Forster, E(dward) M(organ) (Vol. 9)
Forster, E(dward) M(organ) 1879–1970
An English novelist, short story writer, essayist, and critic, Forster is considered a major twentieth-century author. Caught in a continual inner struggle with his homosexuality, Forster used this struggle as a source for his art. Best known for his critically acclaimed novel, A Passage to India, Forster wrote prophetically and sensitively of the major dilemmas of our time. (See also CLC, Vols. 1, 2, 3, 4, and Contemporary Authors, Vols. 13-14; obituary, Vols. 25-28, rev. ed.; Contemporary Authors Permanent Series, Vol. 1.)
Mr Forster's place in the canon is an unusual one. He enjoys, securely, a reputation of the most insecure kind—that of a major figure—definitely that—who falls just short—but clearly short—of true greatness. A reputation which might be expected to stimulate objections from all quarters stimulates them from virtually none. No one, apparently, wants to see him promoted into the ranks of the acknowledged masters and hardly anyone wants to see him pushed out of the canon altogether. He is the occasion of no very serious or very interesting debate. When he is praised, he is praised extravagantly but harmlessly…. Mr Forster's peculiar reputation rests, it might be guessed, not so much on what he's done as on what he's been taken to represent; and it would be a mean spirit indeed who, given what he has been taken to represent, would look with an unfriendly eye upon what he's done.
Looked upon so, Mr Forster has done little more than generate in himself and others an enthusiasm for platitudes. Let us consider two documents, 'What I Believe', Mr Forster's personal manifesto, and Howards End, the novel in which he tries most directly to embody the values of the manifesto.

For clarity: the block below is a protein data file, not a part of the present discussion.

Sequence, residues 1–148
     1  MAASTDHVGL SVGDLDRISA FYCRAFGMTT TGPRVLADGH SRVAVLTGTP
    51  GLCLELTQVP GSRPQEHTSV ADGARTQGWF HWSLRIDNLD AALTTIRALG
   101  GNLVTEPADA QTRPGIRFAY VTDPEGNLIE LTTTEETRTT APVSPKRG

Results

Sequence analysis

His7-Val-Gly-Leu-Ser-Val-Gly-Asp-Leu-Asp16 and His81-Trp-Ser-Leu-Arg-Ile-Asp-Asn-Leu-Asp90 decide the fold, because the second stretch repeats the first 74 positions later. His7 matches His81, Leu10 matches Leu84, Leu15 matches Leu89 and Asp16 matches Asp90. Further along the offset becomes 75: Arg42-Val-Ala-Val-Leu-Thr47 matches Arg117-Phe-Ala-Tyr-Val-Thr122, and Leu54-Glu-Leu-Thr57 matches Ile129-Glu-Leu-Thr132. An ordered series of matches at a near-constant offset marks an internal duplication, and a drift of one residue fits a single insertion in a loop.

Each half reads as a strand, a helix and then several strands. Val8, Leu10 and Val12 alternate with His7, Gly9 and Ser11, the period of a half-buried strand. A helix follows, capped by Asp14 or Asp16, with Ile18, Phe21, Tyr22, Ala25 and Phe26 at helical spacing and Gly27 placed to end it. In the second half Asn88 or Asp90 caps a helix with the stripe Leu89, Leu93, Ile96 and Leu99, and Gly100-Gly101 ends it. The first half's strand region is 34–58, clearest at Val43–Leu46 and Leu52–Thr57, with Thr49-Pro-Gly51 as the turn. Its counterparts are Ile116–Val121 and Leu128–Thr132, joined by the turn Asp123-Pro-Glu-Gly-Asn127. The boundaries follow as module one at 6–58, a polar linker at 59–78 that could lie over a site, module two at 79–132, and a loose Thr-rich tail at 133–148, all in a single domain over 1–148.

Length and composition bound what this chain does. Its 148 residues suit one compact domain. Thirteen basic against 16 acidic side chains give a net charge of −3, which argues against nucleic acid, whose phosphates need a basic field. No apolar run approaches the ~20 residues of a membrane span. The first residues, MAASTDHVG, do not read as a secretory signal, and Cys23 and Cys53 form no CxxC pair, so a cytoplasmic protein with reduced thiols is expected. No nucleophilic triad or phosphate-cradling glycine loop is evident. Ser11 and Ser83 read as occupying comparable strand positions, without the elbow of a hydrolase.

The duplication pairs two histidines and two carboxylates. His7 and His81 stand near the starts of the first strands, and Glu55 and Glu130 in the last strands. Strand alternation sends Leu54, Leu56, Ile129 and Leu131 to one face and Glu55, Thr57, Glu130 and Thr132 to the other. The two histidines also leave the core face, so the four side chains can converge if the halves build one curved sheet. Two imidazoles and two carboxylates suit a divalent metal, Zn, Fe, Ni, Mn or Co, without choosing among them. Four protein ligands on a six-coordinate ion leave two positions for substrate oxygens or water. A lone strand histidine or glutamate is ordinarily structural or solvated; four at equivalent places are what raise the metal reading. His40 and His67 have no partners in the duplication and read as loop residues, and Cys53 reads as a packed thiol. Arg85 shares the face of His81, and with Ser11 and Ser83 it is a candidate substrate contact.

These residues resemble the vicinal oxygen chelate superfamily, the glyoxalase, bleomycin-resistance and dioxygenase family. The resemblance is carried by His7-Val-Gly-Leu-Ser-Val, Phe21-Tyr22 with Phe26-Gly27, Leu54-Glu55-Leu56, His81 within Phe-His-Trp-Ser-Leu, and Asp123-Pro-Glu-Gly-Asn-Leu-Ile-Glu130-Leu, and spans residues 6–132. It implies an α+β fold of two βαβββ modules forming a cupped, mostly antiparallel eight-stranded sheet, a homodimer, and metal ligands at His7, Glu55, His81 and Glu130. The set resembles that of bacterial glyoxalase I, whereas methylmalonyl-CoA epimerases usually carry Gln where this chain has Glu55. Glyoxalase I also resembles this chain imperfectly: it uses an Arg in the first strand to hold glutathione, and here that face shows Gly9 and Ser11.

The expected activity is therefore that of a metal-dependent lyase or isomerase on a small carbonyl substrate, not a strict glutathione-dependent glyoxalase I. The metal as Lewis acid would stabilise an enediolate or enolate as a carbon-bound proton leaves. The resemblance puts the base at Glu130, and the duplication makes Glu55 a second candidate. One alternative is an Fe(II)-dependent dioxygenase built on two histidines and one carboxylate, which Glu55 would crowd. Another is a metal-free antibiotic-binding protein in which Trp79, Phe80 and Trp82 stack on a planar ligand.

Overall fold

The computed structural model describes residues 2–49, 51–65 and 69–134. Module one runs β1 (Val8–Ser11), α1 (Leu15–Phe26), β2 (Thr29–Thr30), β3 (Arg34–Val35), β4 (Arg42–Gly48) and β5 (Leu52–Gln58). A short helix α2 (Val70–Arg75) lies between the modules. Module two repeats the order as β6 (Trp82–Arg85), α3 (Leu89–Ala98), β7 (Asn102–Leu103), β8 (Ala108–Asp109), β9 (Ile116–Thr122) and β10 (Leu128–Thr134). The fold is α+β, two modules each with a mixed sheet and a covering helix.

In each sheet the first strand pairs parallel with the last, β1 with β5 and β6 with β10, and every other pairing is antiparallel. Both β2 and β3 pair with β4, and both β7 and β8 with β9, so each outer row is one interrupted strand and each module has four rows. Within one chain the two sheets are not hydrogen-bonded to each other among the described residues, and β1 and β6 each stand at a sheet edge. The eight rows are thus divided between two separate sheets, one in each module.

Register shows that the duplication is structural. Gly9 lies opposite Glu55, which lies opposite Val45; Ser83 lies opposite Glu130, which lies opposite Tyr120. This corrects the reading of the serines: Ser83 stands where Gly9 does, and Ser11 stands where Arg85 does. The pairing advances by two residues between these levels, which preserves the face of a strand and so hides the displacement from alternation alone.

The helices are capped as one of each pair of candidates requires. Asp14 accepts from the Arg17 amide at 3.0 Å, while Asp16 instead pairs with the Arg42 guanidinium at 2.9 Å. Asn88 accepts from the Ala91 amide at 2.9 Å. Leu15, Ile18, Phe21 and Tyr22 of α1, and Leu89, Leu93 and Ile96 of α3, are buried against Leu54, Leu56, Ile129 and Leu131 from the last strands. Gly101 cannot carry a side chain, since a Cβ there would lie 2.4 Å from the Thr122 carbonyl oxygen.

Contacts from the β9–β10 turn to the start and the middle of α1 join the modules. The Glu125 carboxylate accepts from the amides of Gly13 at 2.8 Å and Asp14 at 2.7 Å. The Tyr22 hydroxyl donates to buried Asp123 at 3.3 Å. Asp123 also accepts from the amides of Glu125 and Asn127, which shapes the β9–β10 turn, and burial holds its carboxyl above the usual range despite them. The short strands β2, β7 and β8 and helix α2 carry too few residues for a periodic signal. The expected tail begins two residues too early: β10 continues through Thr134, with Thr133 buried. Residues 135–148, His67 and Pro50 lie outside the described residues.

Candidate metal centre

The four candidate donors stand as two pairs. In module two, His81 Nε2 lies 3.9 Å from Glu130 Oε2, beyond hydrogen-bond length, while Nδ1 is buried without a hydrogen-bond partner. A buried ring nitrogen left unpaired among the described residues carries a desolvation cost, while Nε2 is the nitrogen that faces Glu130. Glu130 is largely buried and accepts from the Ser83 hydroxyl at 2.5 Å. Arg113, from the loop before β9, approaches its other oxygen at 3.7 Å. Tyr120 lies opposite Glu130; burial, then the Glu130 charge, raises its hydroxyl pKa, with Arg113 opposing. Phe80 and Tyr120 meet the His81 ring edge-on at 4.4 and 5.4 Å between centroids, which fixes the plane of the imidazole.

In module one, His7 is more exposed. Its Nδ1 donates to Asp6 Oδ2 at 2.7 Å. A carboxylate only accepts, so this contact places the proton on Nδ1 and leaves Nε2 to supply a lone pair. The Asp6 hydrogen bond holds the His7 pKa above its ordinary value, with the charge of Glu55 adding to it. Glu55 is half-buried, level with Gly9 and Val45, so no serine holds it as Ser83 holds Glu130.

In the essay he says he's in favour of private decencies, personal relationships, people who are sensitive and creative—the lovers, artists and homemakers—good temper, good will, tolerance, loyalty, sympathy, friendship and Love the Beloved Republic and against public affairs, Great Men, force and violence and people who see life in terms of power…. We have to take Mr Forster's word for it that he knows not only the words for love and sympathy, but the things themselves. It's only by turning to the novel that we have any chance of bringing the essav's claims into question; it's there we are forced to turn for the knowledge that will make good these claims. And, turning and looking, what we find is not quite a vacancy but yet more fine sentiments and, dominating the palpables of tone, characterisation and plot, an assortment of snobberies and a pervasive self-satisfaction.
The intentions of Howards End are explicit and impeccable. It urges its readers to 'only connect …' to build within themselves 'the rainbow bridge that should connect the prose in us with the passion' for then 'love is born, and alights on the highest curve, glowing against the grey, sober against the fire' and, like the essay, the novel insists 'it is the private life that holds out the mirror to infinity; personal intercourse, and that alone, that ever hints at a personality beyond our daily vision'. Its heroes and heroines are those who 'attempt personal relations', its villains 'the hurrying men who know so much and connect so little'; its triumphs occur when 'truer relationships gleam'.
But fine sentiments and would-be noble phrases don't even make good feelings let alone good novels. And if, in an essay, a writer can't get away with just naming the things he believes in, how much less so can he in a novel, when his 'beliefs' must be acted out as particular, concrete instances? Talk, for the novelist even more obviously than for the essayist, won't suffice. He must deliver the goods. And if he can't, if he doesn't really own the feelings he lays claim to, his novel will betray him…. Howards End betrays Forster. He preaches in it love and sympathy and is caught furtively practising the everyday, casual snobberies of any other...
(The entire section is 7,428 words.)